Abstract base class over interface


Currently I'm reading the book Framework Design Guidelines. This is one of the best books I have read in some time. Most books that cover design in general are one-sided and high-lights the author's beliefs and convictions. However, this book is very different. It gives suggestions about various framework design aspects and at the same time high-lights views/opinions of different people in the .NET team which doesn't necessarily conform to the guidelines. This makes the book a very interesting read.


One of the suggestions is "Favor defining classes over interface". While this is highly debatable, I agree to this in general. In this section I read a comment from Brian Pepin that reminded me of some framework code I saw long time back which convinced me that Abstract Base Classes are sometimes much superior to interfaces in defining contracts.


In that UI framework one of the requirements was that individual controls should support loading bitmaps that act as application skins with the following method prototypes....

void LoadBitmap(string fileName);
void LoadBitmap(string fileName, Color transparentCol);
void LoadBitmap(string fileName, int width, int height);
void LoadBitmap(string fileName, Color transparentCol,
int width, int
height);


The last method is the actual implementation and all the other methods fill in default values and passes it to this method.


In case this was defined in an interface as in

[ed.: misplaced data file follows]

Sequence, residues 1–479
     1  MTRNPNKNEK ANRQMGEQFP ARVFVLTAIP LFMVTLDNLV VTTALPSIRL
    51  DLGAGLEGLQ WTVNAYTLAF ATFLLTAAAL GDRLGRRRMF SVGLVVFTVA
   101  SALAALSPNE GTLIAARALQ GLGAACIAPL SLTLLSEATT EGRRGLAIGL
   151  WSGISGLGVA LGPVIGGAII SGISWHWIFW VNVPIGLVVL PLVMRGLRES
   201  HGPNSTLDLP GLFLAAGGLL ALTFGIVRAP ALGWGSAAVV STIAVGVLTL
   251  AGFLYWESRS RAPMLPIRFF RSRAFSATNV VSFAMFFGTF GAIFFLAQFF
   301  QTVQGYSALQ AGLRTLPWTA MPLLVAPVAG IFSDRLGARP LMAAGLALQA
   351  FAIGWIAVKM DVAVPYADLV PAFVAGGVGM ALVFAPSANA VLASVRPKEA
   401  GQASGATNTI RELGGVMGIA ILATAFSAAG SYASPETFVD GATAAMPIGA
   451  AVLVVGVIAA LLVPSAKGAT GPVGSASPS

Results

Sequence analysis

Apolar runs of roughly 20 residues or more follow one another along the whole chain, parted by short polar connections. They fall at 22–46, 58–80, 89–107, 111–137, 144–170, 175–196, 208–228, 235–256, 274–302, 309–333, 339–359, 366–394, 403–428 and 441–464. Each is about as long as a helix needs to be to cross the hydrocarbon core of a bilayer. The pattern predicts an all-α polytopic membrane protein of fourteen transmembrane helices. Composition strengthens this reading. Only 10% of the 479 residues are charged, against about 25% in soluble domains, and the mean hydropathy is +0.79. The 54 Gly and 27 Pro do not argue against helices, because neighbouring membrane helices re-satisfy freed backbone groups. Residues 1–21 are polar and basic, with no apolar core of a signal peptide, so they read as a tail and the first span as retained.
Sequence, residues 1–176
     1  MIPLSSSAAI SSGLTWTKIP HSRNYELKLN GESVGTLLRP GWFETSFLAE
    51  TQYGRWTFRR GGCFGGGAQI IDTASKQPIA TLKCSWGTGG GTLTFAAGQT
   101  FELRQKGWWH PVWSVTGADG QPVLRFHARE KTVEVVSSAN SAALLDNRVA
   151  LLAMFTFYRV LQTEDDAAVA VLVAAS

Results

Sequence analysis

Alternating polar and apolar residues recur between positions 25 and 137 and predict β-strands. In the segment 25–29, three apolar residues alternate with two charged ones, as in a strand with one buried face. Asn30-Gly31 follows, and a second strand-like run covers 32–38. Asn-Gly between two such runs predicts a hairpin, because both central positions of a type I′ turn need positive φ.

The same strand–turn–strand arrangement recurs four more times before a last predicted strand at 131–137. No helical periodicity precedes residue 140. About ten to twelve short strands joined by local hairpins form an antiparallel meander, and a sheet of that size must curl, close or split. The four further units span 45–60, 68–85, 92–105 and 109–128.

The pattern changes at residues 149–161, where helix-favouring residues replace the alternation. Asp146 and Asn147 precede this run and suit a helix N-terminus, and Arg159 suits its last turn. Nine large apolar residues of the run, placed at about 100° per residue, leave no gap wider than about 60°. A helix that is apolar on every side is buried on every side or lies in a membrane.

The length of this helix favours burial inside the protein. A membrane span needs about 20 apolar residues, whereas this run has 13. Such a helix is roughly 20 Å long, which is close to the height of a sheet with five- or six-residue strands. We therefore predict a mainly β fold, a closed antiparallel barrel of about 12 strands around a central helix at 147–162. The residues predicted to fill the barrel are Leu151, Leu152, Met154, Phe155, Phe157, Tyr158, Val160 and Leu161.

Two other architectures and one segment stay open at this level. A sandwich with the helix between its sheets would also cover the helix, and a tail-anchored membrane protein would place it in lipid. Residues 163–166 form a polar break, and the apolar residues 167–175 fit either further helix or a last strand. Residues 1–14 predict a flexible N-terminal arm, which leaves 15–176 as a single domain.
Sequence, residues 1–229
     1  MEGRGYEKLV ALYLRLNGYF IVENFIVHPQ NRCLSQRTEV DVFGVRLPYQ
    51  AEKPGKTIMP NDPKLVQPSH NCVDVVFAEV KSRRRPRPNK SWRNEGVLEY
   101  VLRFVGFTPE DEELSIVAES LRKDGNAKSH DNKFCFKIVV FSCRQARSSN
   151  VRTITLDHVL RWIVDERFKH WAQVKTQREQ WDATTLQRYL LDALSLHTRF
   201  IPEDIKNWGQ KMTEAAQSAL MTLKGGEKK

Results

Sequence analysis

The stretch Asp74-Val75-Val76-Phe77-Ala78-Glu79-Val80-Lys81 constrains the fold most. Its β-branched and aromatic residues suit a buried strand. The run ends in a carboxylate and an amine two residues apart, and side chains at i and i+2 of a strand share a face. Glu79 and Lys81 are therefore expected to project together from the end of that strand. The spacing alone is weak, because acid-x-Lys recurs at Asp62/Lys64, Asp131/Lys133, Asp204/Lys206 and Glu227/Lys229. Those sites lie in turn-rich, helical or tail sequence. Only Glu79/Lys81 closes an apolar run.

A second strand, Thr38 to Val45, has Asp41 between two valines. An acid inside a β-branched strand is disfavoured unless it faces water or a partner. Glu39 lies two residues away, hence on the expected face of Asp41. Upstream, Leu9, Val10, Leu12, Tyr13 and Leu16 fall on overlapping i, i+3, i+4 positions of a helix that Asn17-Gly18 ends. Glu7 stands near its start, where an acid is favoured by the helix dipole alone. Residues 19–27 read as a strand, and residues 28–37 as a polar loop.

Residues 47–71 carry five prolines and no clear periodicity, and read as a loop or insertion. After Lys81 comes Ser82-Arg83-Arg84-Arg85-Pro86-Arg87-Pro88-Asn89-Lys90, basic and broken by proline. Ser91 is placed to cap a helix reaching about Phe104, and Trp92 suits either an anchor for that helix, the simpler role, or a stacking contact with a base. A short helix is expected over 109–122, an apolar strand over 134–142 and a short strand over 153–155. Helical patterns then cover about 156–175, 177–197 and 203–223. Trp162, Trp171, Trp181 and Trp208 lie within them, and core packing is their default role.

public interface ILoadBitmap

{
void LoadBitmap(string fileName);
void LoadBitmap(string fileName, Color transparentCol);
void LoadBitmap(string fileName, int width, int height);
void LoadBitmap(string fileName, Color transparentCol,
int width, int height);
}


All classes that implemented the interface had to do method parameter validation for all the 4 methods and call the last method passing the default value for the parameters not specified. Not only this becomes tedious if some 20 types of controls supported skinning, it leads to programmer error in which a wrong default value is passed in some of the controls. This is where Abstract Base Class comes in. Using ABC you can code this as

public abstract class SkinControl

{
public void LoadBitmap(string fileName)
{
Debug.Assert(!string.IsNullOrEmpty(fileName));
LoadBitmap(fileName,
Color.Magenta, -1, -1);
}
public void LoadBitmap(string fileName, Color transparentCol)
{
Debug.Assert(!string.IsNullOrEmpty(fileName));
LoadBitmap(fileName, transparentCol, -1, -1);
}
public void LoadBitmap(string fileName, int width, int height)
{
Debug.Assert(!string.IsNullOrEmpty(fileName));
Debug.Assert(width > 0 && height > 0);
LoadBitmap(fileName,
Color.Magenta, width, height);
}
public abstract void LoadBitmap(string fileName,
Color transparentCol,
int width, int height);
}

public
class SkinnedButton : SkinControl

{
public override void LoadBitmap(string fileName,
Color transparentCol,
int width, int height)
{
// Actual implementation


}
}


All the methods are implemented in the ABC and only the last method is made abstract. So for all classes that implements this abstract class the developer needs to implement the fourth overload of the method only. Most of the contract is directly coded into the ABC. This results in less code and less programming error.

Comments (10)

  1. Garry Trinder says: